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If you’re like me and can’t forgo your carbs for the day, try Lime Restaurant’s Omnipork Patty with Barbeque Sauce (S$22+). The mock meat patty will be accompanied by fried mantou and fluffy white rice.

Paryroyal On Pickering 9619

Just like its meatball counterpart, the Omnipork patty was excellent. It was springy and tender, as if there had been fat added to the thick patty. The spring onions added a touch of raw zest to each mouthful and the barbecue sauce was smoky and tart.

To be honest, the white rice could’ve used a tad more moisture — I felt myself hoping that the barbecue sauce was more liquid so that each spoonful of rice was moist and flavourful. Instead, it was dry and a little tough, and distracted my tastebuds from the Omnipork patty.

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I personally preferred having my Omnipork patty with the fried mantous, because who can say no to buttery mantous? It was fried to a glorious crisp, with the fluffy and soft insides.

Dipping the mantous in the smoky barbecue sauce was super addictive and before I even noticed, I was reaching for my next mantou already.

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If you’re looking for appetisers to share with your dining companions, go for the Wasabi Crab Meat Balls (S$18++). This dish is entirely vegan and dairy-free, with wheat and corn protein, wheat flour and canola oil forming the bulk of the mock meat. It came with a creamy wasabi dip, and it’s perfect for sharing.

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Deep fried till a golden crisp, these crabless meatballs were naturally sweet from the corn protein and organic cane sugar. There was actually a surprisingly spicy kick at the end from the pepper.

I absolutely loved the wasabi dip. It was fragrant with a gentle heat, and its iconic horseradish-like spiciness was mildly pungent and was powerful enough to make my eyes water. Paired with the crabless meatballs, it made for a delicious appetiser and it whetted my palate.

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To me, a meal isn’t complete without dessert, and Lime Restaurant’s plant-based menu offers two vegan sweet treats. The first was Lemon Grass Aiyu Jelly with Berries and Raspberry Sorbet (S$14++).

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The dessert was superbly well-balanced in terms of flavours and textures. The lemongrass aiyu jelly was light, fragrant and citrus with had a faint mint aftertaste, while the raspberry sorbet was tangy and sour. The delicate and smooth aiyu jelly also contrasted with the icy cold and rich sorbet.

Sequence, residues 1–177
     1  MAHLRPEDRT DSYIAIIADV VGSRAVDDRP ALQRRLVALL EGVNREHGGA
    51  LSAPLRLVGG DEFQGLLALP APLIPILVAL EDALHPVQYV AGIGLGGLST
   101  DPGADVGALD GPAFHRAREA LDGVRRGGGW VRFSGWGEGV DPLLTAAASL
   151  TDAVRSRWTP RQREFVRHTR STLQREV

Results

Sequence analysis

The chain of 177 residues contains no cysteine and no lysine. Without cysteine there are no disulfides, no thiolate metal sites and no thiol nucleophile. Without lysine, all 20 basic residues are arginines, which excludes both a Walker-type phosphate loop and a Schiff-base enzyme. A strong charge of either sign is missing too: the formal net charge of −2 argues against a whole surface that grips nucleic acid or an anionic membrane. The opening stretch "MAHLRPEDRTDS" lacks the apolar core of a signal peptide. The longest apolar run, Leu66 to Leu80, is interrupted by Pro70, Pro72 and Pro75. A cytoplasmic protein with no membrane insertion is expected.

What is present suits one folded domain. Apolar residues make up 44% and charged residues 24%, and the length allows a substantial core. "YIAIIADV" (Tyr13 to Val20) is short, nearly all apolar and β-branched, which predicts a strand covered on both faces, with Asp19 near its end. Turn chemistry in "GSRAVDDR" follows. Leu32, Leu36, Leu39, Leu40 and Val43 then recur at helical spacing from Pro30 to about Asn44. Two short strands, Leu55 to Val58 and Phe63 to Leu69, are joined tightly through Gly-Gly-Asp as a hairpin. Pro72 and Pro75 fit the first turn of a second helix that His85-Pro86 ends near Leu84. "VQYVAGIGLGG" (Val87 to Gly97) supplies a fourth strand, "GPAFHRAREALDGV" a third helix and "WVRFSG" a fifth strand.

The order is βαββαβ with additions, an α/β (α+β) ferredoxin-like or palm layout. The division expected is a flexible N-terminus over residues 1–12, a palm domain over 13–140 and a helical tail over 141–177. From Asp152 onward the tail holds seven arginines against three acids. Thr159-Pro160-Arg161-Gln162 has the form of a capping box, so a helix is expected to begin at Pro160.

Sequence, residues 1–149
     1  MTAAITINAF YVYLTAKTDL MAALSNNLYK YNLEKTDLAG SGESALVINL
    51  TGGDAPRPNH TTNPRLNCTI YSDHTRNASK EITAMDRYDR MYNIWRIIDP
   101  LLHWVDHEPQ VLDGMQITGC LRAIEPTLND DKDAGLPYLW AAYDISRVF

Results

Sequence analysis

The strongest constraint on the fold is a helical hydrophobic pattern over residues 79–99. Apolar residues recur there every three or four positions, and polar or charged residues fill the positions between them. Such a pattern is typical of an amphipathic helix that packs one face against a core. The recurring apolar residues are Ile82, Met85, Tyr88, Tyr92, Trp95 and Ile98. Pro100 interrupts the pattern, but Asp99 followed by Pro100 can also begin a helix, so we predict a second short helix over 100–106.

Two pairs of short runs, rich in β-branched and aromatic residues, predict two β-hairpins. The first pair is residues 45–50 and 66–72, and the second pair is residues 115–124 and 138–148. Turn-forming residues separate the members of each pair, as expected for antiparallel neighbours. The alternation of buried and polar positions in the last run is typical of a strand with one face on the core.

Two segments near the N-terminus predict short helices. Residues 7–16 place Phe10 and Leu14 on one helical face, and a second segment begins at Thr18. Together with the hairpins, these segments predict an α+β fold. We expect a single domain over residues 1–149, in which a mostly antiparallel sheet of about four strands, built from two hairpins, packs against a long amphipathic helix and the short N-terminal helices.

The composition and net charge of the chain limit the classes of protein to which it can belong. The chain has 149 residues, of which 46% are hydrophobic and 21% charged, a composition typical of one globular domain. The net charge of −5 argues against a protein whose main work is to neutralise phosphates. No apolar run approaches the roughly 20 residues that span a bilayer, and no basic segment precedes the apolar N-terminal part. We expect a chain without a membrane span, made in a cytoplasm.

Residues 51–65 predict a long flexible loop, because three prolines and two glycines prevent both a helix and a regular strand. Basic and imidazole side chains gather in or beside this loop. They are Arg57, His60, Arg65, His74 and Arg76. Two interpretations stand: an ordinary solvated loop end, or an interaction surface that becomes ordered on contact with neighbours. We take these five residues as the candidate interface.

You should finish this dessert quickly as both the aiyu jelly and the raspberry sorbet melted pretty fast.

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Chocolate lovers are definitely in for a treat with Lime Restaurant’s Coconut Chocolate Mousse Cake with Lemon Lime Sorbet (S$18++). Don’t be fooled by this sinful dessert — it’s vegan as well, as the restaurant replaced all the dairy ingredients with coconut instead.

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Cutting into the gorgeous dome-shaped chocolate mousse cake revealed a dense layer of chocolate, cream, and a biscuit base.

This dessert was sooo good that I couldn’t stop going “mmmmm” the minute I ate it. Beautifully indulgent, rich and creamy, enjoying the cake was absolute bliss. The biscuit base at the bottom reminded me of fudge brownies, with a sticky sweetness from melted chocolate and butter, and added a slight tinge of dark bitterness to each mouthful.

My tip? Alternate each bite of the chocolate mousse cake with the sharp, biting acidity of the lemon lime sorbet.


If you’re looking for a meat alternative that tastes, feels and looks exactly like meat, the Beyond and Omnipork patties might disappoint you a little. But consider the fact that these are made entirely of plants and you cannot deny that Lime Restaurant has done a decent job of turning these mock meats into delicious dishes that appeal to your tastebuds and fill your tummy.

Although I ate quite a lot at this meal, I left feeling full and satisfied. There wasn’t that familiar overly bloated feeling, and I attribute that to the fact that I just had an entirely plant-based meal.

It’s definitely satiated my appetite and piqued my interest enough for me to go for a plant-based dish the next time I’m out.

Chope Reservations

Expected Damage: S$14++ – S$27 per pax

*This post is brought to you in partnership with PARKROYAL on Pickering.

Price: $ $

Our Rating: 5 / 5

PARKROYAL on Pickering

3 Upper Pickering Street, Singapore 058289

Price
Our Rating 5/5

PARKROYAL on Pickering

3 Upper Pickering Street, Singapore 058289

Operating Hours: 6.30am - 10.30pm (Daily)

Operating Hours: 6.30am - 10.30pm (Daily)